The answer to this question appears to be that, yes, the FBI did. At any rate, that conclusion follows from this BuzzFeed article.
[S]ome of those informants, acting under the direction of the FBI, played a far larger role than has previously been reported. Working in secret, they did more than just passively observe and report on the actions of the suspects. Instead, they had a hand in nearly every aspect of the alleged plot, starting with its inception. The extent of their involvement raises questions as to whether there would have even been a conspiracy without them.
A longtime government informant from Wisconsin, for example, helped organize a series of meetings around the country where many of the alleged plotters first met one another and the earliest notions of a plan took root, some of those people say. The Wisconsin informant even paid for some hotel rooms and food as an incentive to get people to come.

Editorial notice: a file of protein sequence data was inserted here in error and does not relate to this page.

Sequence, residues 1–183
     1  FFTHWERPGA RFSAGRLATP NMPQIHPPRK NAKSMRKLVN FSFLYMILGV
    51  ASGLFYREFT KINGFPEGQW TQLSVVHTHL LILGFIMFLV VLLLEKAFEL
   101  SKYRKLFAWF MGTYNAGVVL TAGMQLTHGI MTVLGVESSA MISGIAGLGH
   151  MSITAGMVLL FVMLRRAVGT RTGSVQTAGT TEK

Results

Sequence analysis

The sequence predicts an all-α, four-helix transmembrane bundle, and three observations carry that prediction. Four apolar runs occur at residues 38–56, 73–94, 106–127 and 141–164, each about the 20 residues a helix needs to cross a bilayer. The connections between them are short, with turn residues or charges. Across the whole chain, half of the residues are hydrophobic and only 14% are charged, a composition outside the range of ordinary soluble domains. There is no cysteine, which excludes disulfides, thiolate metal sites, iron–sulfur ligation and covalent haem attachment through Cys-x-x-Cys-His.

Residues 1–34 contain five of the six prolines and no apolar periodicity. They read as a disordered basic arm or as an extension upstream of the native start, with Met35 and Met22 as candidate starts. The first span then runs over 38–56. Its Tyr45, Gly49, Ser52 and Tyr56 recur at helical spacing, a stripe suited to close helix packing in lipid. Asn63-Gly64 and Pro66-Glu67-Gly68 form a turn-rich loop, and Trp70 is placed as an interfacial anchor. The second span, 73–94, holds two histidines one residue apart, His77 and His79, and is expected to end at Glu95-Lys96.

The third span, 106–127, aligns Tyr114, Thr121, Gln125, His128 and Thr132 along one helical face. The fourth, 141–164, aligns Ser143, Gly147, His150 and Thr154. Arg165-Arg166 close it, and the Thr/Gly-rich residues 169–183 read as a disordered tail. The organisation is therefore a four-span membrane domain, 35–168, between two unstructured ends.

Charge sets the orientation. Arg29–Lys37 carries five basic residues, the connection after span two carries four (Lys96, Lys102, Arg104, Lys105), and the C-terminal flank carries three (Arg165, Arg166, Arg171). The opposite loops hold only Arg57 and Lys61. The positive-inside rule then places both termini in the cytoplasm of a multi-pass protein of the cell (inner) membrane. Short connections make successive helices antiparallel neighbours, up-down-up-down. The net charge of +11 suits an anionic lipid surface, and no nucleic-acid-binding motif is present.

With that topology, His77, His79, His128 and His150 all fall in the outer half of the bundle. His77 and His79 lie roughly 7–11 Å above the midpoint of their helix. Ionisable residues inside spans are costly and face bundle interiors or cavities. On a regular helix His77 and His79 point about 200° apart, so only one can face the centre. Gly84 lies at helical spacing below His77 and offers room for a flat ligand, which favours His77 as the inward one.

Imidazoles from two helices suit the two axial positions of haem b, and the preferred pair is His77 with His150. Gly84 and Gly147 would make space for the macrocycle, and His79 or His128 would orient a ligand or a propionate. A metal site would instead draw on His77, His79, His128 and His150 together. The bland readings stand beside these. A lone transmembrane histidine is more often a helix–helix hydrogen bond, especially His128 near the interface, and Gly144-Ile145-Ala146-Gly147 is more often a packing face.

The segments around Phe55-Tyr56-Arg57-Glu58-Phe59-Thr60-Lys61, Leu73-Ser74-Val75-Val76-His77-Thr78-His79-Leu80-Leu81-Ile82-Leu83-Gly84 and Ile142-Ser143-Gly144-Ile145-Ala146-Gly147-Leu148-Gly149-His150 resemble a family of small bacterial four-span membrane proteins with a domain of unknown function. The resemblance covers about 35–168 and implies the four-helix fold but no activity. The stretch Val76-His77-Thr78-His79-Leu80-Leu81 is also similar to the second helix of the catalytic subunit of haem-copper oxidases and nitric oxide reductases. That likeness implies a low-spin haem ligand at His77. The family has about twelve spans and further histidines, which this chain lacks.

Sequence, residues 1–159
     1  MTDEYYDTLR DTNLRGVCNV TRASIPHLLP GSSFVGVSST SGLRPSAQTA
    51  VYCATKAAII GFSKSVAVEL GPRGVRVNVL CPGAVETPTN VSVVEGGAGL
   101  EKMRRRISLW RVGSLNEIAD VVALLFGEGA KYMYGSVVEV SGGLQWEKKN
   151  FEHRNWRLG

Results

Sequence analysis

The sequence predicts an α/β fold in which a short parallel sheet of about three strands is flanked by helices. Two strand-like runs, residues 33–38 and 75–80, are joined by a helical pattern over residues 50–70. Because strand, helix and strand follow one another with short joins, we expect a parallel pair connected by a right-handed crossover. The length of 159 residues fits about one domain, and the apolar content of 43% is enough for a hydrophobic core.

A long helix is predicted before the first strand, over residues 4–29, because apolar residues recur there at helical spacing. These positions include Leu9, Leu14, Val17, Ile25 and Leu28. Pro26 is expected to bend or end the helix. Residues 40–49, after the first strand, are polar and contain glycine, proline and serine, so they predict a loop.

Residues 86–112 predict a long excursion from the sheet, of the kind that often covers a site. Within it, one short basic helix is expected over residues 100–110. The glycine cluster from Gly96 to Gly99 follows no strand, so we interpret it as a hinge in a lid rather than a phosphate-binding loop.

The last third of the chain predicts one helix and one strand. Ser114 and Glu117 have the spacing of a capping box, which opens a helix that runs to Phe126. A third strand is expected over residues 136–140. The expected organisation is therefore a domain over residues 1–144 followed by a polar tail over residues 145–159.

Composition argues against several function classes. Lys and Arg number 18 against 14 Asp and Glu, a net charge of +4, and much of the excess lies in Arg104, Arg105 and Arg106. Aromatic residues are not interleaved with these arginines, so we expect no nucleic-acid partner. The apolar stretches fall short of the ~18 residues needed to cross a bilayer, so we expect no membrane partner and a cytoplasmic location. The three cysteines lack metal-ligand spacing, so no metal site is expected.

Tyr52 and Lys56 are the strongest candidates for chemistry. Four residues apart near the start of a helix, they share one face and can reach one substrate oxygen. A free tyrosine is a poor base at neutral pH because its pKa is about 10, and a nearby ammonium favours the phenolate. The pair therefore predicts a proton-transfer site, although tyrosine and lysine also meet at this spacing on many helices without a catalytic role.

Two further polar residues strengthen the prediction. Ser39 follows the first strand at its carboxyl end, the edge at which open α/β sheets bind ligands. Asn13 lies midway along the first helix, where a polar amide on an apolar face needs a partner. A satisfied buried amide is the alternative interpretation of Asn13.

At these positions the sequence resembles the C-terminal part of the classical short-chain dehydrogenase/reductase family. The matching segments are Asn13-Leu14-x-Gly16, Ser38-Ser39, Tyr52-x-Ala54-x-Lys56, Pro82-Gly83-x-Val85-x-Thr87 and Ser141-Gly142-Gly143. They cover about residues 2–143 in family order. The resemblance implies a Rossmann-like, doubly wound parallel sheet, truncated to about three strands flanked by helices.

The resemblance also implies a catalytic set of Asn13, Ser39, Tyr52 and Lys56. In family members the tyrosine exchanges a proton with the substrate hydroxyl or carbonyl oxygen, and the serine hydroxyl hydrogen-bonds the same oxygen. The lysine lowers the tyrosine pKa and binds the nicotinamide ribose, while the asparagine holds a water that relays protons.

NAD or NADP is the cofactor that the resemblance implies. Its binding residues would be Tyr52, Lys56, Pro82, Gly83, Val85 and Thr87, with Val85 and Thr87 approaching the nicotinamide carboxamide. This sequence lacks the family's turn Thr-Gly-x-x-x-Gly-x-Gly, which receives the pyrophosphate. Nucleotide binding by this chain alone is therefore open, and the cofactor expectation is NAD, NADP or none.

[A key informant] became so deeply enmeshed in a Michigan militant group that he rose to become its second-in-command, encouraging members to collaborate with other potential suspects and paying for their transportation to meetings. He prodded the alleged mastermind of the kidnapping plot to advance his plan, then baited the trap that led to the arrest. . . .
Last week, the lawyer for one defendant filed a motion that included texts from an FBI agent to a key informant. . .directing him to draw specific people into the conspiracy — potential evidence of entrapment that he said the government “inadvertently disclosed.”
It's now become obvious that it was really an FBI plot all along to fake a kidnapping of Governor Whitmer to smear her opponents. Anyone involved who was not part of the FBI plot was a dupe working at the FBI's direction.